Negative Interest Rate Policy
I’ve spent way too much of my life in school, and I have the student loans to prove it. But in all that time, there is one concept of economics that was never mentioned, or if it was mentioned it was brushed off as an anomalous event that didn’t require much time in understanding. This abnormal economic concept is a Negative Interest Rate Policy (NIRP). Negative interest rates are so bizarre they are inconceivable by most people, including myself.
We always think in terms of positive interest rates. You go to the bank to borrow money, you pay the loan back with interest accrued. Simple, straight-forward, not much thinking about it. But what if the rate is negative? Does the bank pay you take the loan? Does that mean that you pay back less than you borrowed? Well, not quite – although that may work better than what really happens with NIRPs.
The European Central Bank (ECB) and the Bank of Japan have instituted negative interest rates as a last-ditch effort (and I mean last-ditch!) to stimulate their economies. The economic theory behind negative interest rates is that you make it less attractive for banks, and ultimately their customers, to hold on to cash. Banks make money by lending out the money customers deposit with the banks. So, if you strip away their incentive to hold onto cash, by “charging” them for deposits on their reserves at the central bank, the notion is that they will lend the money out in hopes that they will not have to pay interest on their reserve deposits.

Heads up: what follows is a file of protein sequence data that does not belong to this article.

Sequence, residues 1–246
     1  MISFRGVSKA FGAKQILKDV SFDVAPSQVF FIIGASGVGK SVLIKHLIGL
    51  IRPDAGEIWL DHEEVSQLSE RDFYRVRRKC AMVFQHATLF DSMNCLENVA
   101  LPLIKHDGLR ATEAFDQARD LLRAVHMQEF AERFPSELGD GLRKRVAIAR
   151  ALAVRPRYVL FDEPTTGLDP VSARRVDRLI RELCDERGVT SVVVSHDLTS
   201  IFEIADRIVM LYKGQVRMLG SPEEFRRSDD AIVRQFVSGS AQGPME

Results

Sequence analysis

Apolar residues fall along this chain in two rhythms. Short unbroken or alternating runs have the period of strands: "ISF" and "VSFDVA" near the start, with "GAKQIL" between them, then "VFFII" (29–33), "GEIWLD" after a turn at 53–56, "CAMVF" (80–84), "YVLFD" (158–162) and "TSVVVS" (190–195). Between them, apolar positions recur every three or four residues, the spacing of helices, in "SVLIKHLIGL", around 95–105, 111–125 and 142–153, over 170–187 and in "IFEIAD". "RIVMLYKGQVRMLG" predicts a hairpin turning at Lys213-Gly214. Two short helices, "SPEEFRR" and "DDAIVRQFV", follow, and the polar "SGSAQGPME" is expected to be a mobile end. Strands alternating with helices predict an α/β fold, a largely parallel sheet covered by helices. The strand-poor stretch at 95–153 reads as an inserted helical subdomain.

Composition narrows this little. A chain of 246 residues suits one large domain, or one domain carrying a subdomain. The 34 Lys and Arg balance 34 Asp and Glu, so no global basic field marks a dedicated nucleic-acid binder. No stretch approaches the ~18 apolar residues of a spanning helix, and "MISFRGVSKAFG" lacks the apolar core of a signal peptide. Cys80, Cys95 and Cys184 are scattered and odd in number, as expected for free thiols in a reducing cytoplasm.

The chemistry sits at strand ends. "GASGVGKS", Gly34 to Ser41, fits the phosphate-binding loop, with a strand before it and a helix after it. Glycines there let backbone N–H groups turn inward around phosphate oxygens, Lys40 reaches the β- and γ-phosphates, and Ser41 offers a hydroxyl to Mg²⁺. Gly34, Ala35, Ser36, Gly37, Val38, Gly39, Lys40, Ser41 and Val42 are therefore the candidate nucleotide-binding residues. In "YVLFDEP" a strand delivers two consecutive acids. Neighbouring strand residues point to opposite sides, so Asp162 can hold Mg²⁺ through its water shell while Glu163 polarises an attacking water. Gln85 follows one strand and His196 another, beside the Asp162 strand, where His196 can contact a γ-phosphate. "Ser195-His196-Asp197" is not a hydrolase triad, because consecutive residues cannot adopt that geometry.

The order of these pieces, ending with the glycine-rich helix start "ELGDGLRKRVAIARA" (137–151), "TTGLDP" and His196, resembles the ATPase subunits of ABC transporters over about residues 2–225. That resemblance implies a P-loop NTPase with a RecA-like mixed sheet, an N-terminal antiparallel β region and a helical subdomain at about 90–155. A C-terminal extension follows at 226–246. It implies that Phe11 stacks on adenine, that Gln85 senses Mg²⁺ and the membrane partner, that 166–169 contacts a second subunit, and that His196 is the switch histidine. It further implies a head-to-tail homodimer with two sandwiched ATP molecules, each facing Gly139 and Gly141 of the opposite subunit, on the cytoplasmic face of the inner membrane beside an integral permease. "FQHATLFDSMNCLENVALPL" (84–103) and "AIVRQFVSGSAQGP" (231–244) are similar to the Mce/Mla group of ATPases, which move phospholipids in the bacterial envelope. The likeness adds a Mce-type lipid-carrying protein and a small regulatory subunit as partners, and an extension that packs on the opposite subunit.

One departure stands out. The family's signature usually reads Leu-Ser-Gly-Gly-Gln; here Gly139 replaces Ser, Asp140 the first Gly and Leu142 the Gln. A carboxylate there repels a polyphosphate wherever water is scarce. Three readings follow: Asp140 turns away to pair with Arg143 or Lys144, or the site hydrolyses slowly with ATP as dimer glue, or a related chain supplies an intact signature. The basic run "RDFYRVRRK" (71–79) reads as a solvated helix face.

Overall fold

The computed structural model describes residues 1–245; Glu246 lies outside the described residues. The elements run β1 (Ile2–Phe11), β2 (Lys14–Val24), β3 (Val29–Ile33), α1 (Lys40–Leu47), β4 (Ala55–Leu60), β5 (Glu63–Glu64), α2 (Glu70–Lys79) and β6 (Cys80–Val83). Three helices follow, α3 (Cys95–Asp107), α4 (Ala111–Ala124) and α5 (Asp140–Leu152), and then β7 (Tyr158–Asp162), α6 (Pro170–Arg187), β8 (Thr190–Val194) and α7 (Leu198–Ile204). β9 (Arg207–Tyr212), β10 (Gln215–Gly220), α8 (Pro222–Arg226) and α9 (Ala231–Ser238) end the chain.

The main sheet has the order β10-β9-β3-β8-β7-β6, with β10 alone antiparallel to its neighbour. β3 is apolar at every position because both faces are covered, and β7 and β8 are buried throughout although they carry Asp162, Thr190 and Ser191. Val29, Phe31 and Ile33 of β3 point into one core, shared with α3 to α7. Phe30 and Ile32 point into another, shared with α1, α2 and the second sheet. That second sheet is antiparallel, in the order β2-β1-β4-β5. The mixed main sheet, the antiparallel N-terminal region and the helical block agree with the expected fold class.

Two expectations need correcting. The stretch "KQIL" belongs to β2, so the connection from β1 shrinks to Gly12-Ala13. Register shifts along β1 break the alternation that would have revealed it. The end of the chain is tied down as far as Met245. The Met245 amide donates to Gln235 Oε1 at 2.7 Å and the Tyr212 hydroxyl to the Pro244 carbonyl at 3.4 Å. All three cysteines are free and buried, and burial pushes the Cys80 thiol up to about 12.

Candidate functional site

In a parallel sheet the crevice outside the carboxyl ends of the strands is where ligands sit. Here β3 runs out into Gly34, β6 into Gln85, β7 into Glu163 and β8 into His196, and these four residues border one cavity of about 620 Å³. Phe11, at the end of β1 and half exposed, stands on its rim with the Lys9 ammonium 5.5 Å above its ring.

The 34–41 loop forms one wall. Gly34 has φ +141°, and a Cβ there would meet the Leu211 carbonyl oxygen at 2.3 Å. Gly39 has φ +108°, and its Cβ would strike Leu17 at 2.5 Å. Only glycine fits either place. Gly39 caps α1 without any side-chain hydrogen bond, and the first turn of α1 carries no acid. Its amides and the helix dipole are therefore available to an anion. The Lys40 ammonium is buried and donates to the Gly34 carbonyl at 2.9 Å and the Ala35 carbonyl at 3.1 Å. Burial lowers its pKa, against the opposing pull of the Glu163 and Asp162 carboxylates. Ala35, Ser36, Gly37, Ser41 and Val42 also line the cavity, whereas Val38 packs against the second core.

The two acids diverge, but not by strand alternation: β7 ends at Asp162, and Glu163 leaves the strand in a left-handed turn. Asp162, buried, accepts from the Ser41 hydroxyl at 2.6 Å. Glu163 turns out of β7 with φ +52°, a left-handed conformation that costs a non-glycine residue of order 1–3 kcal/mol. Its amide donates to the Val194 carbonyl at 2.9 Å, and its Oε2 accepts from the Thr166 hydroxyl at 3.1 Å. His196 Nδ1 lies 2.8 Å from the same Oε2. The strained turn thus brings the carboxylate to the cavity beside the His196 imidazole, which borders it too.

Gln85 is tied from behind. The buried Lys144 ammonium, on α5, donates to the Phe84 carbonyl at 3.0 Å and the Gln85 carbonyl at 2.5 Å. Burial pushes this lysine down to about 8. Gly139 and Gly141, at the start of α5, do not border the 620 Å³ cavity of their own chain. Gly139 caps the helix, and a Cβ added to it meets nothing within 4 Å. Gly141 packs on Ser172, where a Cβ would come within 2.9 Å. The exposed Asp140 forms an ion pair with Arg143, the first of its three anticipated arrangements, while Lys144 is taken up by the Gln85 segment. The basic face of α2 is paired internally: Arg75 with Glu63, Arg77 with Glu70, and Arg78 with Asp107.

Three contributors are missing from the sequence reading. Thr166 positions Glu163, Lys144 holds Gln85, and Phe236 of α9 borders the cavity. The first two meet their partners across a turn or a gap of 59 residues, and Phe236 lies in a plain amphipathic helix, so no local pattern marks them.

In reality, however, things are quite different from theory, and trying to get an economist to understand the difference between theory and reality is like trying to get a rock to understand anything. The only thing negative interest rates really end up doing is to act as a tax on the banks. Two things come into play here with a tax on business. First, businesses don’t pay taxes they pass the cost of the tax onto others – either customers (through higher costs,) employees (through lower wages or fewer employees,) or owners (through lowered revenues, i.e. dividends.) Secondly, taxes are NEVER stimulative. Taxes are used to create revenue for the government, as well as, spur and hamper economic growth.
So, if a bank is charged, by the central bank, for deposits, and these deposits work as a tax some things are going to happen. First, the bank isn’t going to pay the tax, they are going to pass it onto the customers, the employees, and the owners/shareholders. What has been typically seen is that the banks continue to hoard their money while increasing fees charged to customers – most notably by charging them on their deposits. Thus, if a bank charges its customers to deposit money the customer is going to forego depositing. If a customer doesn’t deposit money then the bank can’t make loans. If a bank cannot make loans economic activity comes to a stop because people are unable to buy things on credit, get mortgages, buy cars, go to school (although that is a government activity these days) and the opposite of what is supposed to happen does happen.